And there are those Christmases where we just go through the motions. Certainly pleasurable, but next year, you’d like just a little more zest and originality. No matter if you hit the highs or not, Christmas is Christmas, what did you expect. Weeks of build up and over in minutes.

I like to think of Good old Scrooge – leaping out of bed, cock-a- whoop with Christmas after a night with the Spirits. Even Christmas (we hope) can turn the meanest, and grumpiest of us all into « better » people – so like Scrooge we are « glowing with good intentions. » and we can learn to live in the past, the present and the future.

No matter how you feel about Christmas, have a good one.

December 2013


The ex-pat Christmas – an amalgam of all those festive moments that you are never actually sure you had – a tapestry of times and traditions, festive food – Got to have a mince pie, must have a Christmas pudding ‘cos they’re traditional. Hang on a minute – we never had mince pies and Chrismas pud in our house – no one liked them. (or mum didn’t like them).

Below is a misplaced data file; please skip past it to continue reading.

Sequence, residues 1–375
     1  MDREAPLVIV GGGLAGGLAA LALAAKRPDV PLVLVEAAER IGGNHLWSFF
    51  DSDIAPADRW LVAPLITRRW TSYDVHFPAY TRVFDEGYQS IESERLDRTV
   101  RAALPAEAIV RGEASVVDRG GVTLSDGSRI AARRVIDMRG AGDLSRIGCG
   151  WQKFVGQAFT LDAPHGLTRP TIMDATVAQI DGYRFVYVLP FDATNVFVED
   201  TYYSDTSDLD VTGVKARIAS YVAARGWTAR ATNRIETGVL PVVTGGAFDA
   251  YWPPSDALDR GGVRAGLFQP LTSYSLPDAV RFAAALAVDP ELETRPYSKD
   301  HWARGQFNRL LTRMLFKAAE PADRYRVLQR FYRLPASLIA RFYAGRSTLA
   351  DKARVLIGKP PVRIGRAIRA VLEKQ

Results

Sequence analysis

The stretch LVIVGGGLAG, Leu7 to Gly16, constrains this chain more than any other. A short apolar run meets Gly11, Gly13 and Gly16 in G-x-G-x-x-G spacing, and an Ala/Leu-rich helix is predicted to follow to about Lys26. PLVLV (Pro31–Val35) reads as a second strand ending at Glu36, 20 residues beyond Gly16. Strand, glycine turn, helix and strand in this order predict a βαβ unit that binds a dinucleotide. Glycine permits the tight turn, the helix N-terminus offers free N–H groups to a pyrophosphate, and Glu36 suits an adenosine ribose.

What was that Christmas past that I’m never sure ever was

Down the pub on Christmas Eve, getting into the Christmas spirit with complete strangers, rocking around to Slade « Merry Xmas. »

Strolling sozzled into Midnight Mass. Tanked up on enough goodwill and whisky to sticke a fiver in the collection plate – Hey it is Christmas.

Carol singing with friends – woolly hats, lanterns and mulled wine .

Late Christmas shopping – finding that last minute présent before the shops close on Christmas Eve.

Rowdy Christmas parties.

I think I’ve done them once, but they weren’t regular festive activities, as an ex-pat though, you tend to roll everything into one for a bright, shining festive memory of a typical British Christmas – a Bright shining but very comforting lie.